Patients silenced by COVID-19 now have a voice thanks to a new initiative at Stony Brook University Hospital (SBUH). In April, hospital staff began reaching out to loved ones of patients, many of whom are intubated and unable to speak, to learn more about each patient’s personal story in order to enhance meaningful interactions with patients during their hospitalization. Details about their favorite music, TV shows and other interests are gathered and organized in a “My Story” document with pictures of each respective patient. These are then posted inside and outside the patient room to help caregivers get to know the patients they are treating, and who cannot communicate for themselves.
In just one week, all families with loved ones in the ICU were called to participate and all agreed.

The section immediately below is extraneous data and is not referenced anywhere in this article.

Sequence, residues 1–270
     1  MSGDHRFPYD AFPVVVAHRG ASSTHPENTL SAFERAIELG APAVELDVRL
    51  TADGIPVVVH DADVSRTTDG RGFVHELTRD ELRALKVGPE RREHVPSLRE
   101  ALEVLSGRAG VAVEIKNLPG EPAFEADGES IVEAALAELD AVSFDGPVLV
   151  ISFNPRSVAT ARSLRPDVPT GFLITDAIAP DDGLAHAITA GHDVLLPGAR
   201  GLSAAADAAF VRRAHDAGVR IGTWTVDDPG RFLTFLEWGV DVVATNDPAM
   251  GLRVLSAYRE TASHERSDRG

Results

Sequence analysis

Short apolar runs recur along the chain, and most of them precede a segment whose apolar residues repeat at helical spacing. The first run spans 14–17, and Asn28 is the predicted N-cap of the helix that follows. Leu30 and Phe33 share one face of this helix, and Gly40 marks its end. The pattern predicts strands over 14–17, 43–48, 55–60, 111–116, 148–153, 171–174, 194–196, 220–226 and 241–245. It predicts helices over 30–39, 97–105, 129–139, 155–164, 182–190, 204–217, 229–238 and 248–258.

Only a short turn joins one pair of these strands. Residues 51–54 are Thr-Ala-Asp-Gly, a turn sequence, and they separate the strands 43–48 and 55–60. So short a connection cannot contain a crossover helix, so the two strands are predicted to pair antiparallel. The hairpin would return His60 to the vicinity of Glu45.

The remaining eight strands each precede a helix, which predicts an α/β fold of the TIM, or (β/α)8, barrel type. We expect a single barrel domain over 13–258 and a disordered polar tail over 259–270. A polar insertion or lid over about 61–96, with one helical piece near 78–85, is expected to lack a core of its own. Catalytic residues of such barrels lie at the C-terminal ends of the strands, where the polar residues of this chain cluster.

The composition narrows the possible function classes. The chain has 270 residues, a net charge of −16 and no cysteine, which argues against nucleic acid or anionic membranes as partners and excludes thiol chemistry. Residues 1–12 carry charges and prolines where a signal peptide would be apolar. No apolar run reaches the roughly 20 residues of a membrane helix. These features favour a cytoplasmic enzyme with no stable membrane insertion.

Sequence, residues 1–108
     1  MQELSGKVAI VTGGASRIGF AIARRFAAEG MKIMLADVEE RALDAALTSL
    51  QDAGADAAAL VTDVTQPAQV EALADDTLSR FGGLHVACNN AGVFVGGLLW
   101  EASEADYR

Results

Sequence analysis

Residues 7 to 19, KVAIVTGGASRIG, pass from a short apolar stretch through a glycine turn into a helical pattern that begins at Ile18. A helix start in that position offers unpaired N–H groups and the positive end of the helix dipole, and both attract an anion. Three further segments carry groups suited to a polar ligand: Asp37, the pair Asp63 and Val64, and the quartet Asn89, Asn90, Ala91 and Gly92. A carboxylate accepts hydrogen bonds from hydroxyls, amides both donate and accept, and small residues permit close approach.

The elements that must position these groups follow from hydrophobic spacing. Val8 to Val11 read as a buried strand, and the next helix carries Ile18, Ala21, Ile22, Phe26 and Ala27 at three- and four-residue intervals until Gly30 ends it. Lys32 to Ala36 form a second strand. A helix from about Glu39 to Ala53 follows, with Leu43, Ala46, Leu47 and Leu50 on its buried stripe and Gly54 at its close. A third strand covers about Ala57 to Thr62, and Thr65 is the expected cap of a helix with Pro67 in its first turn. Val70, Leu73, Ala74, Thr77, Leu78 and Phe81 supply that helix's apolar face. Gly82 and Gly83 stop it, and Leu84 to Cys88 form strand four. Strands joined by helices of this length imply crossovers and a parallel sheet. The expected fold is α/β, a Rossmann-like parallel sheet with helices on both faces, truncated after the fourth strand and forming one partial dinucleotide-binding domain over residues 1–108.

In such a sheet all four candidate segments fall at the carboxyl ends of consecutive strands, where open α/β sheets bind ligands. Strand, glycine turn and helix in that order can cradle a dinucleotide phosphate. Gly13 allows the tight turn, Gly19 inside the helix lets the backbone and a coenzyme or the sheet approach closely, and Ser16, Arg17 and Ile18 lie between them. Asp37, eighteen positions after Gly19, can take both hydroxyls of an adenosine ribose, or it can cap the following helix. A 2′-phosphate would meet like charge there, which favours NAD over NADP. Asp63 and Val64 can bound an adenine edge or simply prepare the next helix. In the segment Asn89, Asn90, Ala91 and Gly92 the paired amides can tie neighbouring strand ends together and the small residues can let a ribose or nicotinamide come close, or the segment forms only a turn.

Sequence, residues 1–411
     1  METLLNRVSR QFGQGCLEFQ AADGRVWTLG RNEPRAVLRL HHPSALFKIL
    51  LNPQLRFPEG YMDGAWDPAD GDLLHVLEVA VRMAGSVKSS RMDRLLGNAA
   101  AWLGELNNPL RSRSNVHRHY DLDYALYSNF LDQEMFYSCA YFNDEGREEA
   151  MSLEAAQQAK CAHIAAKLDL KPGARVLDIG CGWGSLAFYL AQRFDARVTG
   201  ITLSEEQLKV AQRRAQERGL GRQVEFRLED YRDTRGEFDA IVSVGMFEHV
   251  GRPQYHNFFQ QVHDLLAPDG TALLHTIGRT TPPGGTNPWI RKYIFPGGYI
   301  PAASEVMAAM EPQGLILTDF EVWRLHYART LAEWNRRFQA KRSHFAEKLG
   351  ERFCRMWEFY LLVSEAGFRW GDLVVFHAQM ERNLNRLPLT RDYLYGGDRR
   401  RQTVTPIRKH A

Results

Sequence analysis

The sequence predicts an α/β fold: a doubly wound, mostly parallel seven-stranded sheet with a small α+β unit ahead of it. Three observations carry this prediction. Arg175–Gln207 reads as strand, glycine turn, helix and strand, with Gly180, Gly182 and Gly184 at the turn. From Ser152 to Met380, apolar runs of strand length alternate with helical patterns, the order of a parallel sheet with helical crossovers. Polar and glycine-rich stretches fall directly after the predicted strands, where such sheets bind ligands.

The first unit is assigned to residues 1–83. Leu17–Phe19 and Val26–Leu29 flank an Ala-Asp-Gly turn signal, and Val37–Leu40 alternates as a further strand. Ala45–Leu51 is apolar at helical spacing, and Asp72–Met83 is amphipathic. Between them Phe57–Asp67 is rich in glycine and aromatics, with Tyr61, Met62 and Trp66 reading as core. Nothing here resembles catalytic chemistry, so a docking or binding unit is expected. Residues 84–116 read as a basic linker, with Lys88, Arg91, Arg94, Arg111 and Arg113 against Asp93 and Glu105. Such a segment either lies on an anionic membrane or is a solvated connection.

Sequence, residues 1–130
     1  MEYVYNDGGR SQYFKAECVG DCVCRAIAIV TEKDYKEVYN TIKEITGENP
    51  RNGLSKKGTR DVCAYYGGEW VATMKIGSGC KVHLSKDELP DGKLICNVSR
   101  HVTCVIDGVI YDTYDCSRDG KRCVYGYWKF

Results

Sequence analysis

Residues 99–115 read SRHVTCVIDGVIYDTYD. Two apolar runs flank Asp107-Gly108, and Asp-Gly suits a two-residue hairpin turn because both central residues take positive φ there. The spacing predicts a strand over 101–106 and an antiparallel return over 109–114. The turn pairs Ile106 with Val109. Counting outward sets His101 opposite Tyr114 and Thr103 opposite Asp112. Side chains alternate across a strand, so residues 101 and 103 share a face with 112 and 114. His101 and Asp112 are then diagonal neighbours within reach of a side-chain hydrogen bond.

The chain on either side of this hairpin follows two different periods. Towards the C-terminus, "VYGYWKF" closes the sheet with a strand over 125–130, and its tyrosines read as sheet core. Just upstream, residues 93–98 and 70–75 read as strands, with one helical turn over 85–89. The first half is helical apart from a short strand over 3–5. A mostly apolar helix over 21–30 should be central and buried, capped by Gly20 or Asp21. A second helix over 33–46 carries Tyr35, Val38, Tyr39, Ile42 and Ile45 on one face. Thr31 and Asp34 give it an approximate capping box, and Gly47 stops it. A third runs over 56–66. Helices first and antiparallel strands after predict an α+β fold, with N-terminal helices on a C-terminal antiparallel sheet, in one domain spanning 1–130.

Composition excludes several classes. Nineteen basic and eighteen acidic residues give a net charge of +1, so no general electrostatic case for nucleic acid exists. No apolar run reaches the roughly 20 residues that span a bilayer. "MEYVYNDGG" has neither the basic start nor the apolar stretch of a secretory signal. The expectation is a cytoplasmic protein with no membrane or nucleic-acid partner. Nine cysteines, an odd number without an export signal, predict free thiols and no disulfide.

A nursing team including Carolyn Santora, MS, RN, Chief of Regulatory Affairs; Susan Robbins, MS, RN, CPPS, Assistant Director of Nursing; Grace Propper, MS, RN, CPNP, NNP-BC, Director of Quality Improvement; Lisa Reagan, MS, Patient Coordinator; and Nurse Practitioner April Plank, drew inspiration for the idea from the “My Story” program originally created for patients with Alzheimer’s disease and dementia by Carolyn O’Neill, Elder Life Coordinator at Stony Brook Medicine.
“It’s such an unprecedented time with no visitors. ‘My Story’ is giving families an opportunity to tell us about their loved one that we are caring for,” said April Plank. “We have had nothing but great feedback from both families and patients.”
In early April, Plank also helped bring to fruition the “Face Behind the Mask.” Frontline workers at SBUH began wearing staff ID pictures on their gowns while interacting with patients so they can see the full face of the staff member caring for them. The program helps patients, many of whom are battling COVID-19, get to know their caregivers by sight. The Face Behind the Mask has since been deployed throughout the hospital.